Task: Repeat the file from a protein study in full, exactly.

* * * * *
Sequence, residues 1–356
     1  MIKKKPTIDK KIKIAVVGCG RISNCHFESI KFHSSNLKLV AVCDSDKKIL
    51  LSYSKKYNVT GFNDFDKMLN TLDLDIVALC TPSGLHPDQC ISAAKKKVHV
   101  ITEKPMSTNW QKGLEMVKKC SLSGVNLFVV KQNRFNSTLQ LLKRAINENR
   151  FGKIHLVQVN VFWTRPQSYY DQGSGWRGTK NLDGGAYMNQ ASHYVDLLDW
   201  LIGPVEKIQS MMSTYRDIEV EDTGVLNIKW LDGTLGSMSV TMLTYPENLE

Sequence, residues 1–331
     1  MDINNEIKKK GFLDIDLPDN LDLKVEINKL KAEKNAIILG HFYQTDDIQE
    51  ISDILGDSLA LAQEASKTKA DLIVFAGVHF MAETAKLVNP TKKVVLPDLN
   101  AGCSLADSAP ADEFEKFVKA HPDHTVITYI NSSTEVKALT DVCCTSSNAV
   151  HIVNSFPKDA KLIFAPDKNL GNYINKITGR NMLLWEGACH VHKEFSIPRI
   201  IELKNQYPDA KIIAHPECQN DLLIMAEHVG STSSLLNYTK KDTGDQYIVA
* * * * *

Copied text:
Sequence, residues 1–356
     1  MIKKKPTIDK KIKIAVVGCG RISNCHFESI KFHSSNLKLV AVCDSDKKIL
    51  LSYSKKYNVT GFNDFDKMLN TLDLDIVALC TPSGLHPDQC ISAAKKKVHV
   101  ITEKPMSTNW QKGLEMVKKC SLSGVNLFVV KQNRFNSTLQ LLKRAINENR
   151  FGKIHLVQVN VFWTRPQSYY DQGSGWRGTK NLDGGAYMNQ ASHYVDLLDW
   201  LIGPVEKIQS MMSTYRDIEV EDTGVLNIKW LDGTLGSMSV TMLTYPENLE

Sequence, residues 1–331
     1  MDINNEIKKK GFLDIDLPDN LDLKVEINKL KAEKNAIILG HFYQTDDIQE
    51  ISDILGDSLA LAQEASKTKA DLIVFAGVHF MAETAKLVNP TKKVVLPDLN
   101  AGCSLADSAP ADEFEKFVKA HPDHTVITYI NSSTEVKALT DVCCTSSNAV
   151  HIVNSFPKDA KLIFAPDKNL GNYINKITGR NMLLWEGACH VHKEFSIPRI
   201  IELKNQYPDA KIIAHPECQN DLLIMAEHVG STSSLLNYTK KDTGDQYIVA